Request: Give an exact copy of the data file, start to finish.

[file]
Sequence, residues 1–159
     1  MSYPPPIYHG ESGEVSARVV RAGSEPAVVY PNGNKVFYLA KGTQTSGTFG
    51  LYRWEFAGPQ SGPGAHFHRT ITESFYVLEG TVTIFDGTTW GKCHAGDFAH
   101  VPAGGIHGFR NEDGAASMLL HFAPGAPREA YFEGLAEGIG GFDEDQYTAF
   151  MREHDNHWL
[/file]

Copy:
Sequence, residues 1–159
     1  MSYPPPIYHG ESGEVSARVV RAGSEPAVVY PNGNKVFYLA KGTQTSGTFG
    51  LYRWEFAGPQ SGPGAHFHRT ITESFYVLEG TVTIFDGTTW GKCHAGDFAH
   101  VPAGGIHGFR NEDGAASMLL HFAPGAPREA YFEGLAEGIG GFDEDQYTAF
   151  MREHDNHWL